CDC Raises COVID-19 Threat Level For Cruises, Adds River Cruising
By Susan Young – Cruise Editor Travel Agent Magaine Nov 23, 2020 9:28am
The U.S. Centers for Disease Control has raised the threat level — urging Americans to avoid cruise ship travel including river cruises to a “Threat Level 4: Very High Risk.”
The news coming Saturday from the U.S. Centers for Disease Control and Prevention (CDC) wasn’t good as the agency raised its “Threat Level” warning for all cruises globally from Level 3 to Level 4, which carries a “Very High Risk” label. For the first time, the CDC also added river cruising within that warning.
Among the key points listed for cruise ship travelers is that “the CDC recommends that all people avoid travel on cruise ships, including river cruises, worldwide, because the risk of COVID-19 on cruise ships is very high. It is especially important that people with an increased risk of severe illness avoid travel on cruise ships, including river cruises.”
The CDC also said “cruise passengers are at increased risk of person-to-person spread of infectious diseases, including COVID-19, and outbreaks of COVID-19 have been reported on cruise ships.”
Most recently, SeaDream Yacht Club had nine cases onboard its first Caribbean sailing from Barbados. The small-ship, luxury yacht brand made a subsequent decision to halt all voyages through the end of 2020. Following the event, two Congress members called on the CDC to reinstitute its “No Sail Order” and ban cruises from U.S. ports.
Some big ship lines, most notably MSC Cruises, Hapag-Lloyd Cruises, Costa Cruises and others, have been sailing successfully in Europe since late summer. Although, recently, both MSC and Costa have had to cancel cruises as a result of on-land situations in Europe due to coronavirus.
The CDC also urged any travelers who opt to sail to get tested three to five days after their trip and stay home for seven days after travel, even if that test is negative. If they don’t opt for post-cruise testing, the agency suggests that they stay home and isolate for 14 days.
On October 30, 2020, the CDC issued a Framework for Conditional Sailing Order for cruise ships operating or seeking to operate in U.S. waters. This Order introduced a phased approach for resuming passenger cruises.
That said, the CDC noted that “passenger operations continue to be suspended during the initial phases of this order; however that suspension is only applicable to cruises from U.S. ports on ships of more than 250 passengers. Most U.S. river cruise vessels are below that threshold.
The initial phase of the CDC’s framework for conditional sailing requires crew screening to determine the prevalence of COVID-19 among all crew members currently on cruise ships in U.S. waters. Many lines, including Carnival Cruise Line, Princess Cruises, Ponant and others, have already “paused” their suspension of operations into 2021.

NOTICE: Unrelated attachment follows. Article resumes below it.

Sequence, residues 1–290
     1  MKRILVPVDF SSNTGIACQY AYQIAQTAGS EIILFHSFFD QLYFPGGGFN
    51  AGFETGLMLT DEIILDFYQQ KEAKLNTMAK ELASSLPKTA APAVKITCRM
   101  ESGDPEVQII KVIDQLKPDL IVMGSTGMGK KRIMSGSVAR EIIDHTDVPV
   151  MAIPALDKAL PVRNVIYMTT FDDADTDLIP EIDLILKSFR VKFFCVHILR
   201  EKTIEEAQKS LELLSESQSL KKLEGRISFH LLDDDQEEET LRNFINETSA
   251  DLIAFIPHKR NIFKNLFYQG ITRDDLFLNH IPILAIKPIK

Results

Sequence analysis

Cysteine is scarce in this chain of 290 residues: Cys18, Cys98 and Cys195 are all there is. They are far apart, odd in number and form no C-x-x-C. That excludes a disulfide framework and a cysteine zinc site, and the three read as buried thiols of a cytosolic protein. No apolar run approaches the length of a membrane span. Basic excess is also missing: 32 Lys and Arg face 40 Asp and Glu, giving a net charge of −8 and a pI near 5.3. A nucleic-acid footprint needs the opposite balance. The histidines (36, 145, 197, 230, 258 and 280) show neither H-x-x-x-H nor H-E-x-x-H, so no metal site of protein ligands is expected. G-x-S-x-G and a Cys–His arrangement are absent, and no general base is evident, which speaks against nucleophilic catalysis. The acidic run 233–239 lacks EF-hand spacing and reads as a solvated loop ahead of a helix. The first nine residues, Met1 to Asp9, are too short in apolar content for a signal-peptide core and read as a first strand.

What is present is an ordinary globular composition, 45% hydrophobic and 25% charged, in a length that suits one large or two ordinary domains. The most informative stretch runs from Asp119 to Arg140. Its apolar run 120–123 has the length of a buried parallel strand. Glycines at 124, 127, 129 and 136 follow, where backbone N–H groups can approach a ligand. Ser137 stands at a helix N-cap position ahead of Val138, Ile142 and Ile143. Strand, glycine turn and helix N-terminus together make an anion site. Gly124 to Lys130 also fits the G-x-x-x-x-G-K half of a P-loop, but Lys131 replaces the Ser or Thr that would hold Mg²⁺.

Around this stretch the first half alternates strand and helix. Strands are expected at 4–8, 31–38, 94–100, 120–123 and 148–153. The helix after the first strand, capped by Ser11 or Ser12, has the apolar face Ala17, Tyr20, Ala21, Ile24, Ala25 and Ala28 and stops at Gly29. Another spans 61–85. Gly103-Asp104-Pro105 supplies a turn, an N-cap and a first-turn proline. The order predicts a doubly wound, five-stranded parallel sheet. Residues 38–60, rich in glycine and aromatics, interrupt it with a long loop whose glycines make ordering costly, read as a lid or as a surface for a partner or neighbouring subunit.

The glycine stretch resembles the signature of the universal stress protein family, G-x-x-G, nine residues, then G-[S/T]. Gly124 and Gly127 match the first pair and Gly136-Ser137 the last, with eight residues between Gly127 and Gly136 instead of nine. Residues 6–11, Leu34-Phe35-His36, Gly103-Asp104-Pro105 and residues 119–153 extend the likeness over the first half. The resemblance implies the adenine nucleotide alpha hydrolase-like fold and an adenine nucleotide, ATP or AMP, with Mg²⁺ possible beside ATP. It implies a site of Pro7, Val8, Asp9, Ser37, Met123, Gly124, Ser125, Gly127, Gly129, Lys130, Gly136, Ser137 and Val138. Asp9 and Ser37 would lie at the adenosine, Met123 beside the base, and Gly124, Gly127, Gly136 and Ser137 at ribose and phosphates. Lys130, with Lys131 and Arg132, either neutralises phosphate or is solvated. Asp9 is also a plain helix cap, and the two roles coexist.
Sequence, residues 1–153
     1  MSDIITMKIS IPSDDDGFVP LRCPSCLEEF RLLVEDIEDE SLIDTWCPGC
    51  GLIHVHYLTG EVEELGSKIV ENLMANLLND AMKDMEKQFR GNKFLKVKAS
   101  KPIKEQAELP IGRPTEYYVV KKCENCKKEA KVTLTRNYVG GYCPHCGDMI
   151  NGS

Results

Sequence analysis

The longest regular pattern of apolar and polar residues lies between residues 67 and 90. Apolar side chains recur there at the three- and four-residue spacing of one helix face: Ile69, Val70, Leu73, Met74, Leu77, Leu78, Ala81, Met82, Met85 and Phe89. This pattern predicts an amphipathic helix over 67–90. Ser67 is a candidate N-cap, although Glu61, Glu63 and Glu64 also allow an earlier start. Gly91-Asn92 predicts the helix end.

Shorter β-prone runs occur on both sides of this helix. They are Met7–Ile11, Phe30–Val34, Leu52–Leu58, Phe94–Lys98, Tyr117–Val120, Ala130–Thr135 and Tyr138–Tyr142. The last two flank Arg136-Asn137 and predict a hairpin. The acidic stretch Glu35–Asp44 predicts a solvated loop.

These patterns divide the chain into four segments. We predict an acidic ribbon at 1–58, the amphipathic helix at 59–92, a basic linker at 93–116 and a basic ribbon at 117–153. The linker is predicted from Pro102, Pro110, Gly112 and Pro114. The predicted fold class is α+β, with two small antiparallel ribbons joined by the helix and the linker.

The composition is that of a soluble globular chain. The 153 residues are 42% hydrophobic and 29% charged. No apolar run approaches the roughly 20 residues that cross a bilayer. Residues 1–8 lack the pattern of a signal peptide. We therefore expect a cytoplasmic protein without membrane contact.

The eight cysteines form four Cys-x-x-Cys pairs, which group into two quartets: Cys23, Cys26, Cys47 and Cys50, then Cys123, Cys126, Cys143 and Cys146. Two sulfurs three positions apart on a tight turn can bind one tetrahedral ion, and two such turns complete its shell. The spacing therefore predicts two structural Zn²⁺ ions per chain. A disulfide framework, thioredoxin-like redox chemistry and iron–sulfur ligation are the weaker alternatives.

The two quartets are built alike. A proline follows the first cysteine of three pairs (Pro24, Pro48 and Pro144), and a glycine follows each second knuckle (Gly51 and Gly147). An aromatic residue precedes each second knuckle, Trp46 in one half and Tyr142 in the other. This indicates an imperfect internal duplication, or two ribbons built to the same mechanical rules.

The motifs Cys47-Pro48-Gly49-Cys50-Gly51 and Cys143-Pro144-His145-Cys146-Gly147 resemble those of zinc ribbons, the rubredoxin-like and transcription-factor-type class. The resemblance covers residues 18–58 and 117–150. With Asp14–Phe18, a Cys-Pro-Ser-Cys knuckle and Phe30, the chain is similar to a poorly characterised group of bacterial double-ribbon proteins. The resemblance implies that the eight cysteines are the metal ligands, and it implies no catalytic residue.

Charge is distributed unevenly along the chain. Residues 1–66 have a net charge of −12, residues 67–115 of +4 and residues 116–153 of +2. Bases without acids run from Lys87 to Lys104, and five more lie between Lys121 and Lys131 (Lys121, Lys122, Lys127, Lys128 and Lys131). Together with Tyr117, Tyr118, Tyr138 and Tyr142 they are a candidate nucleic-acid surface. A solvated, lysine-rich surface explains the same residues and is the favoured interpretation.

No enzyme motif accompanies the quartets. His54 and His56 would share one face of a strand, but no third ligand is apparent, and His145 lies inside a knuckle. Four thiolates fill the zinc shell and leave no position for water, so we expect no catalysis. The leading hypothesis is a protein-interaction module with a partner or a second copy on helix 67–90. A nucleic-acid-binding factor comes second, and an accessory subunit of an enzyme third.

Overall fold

In the new Threat Level 4, the most notable part is this pronouncement by the agency: “At this time, CDC still recommends avoiding any travel on cruise ships, including river cruises, worldwide, because the risk of COVID-19 on cruise ships is very high.
“It is especially important that people with an increased risk of severe illness avoid travel on cruise ships, including river cruises.
“Cruise passengers are at increased risk of person-to-person spread of infectious diseases, including COVID-19, and outbreaks of COVID-19 have been reported on cruise ships.
The Threat Level 4 warning also provides information about what travelers who will be boarding ships do to protect themselves and others.
Travel Agent received this brief statement from Cruise Lines International Association (CLIA) about the CDC’s latest action: “We share a common goal with the CDC, which is to protect the public health of our passengers, crew and destinations. We will continue to work with the CDC to establish a pathway to resumption in the U.S.”
Late last week CLIA released its 2019 U.S. Economic Analysis report, which showed that cruising on an annual basis generated $55.5 billion in economic activity in the United States, a 5.3 percent increase from 2018. Moreover, growth in economic activity was accompanied by an increase in industry-supported jobs. According to the report, the cruise industry supported 436,600 American jobs paying $24.4 billion in wages in 2019—a 3.5 percent and 5.4 percent increase from 2018, respectively.
Travel industry leaders, particularly those representing travel advisors, have recently voiced their opinions that other industries —airlines, hotels and theme parks—are not held to the same stringent standards as the cruise industry, which has a 100 percent testing requirement for guests and crew. Still, that was not enough to prevent the COVID-19 cases on SeaDream earlier this month, but guests also were not wearing masks for the first few days of that cruise.
When we recently spoke with Brad Tolkin, co-chairman of World Travel Holdings, he pointed that in Italy, worsening COVID-19 rates, have caused a partial shut-down on land, but officials have opted not to shut down cruises—signaling confidence in the protocols and preventive measures taken by the cruise industry, including significant pre-cruise testing.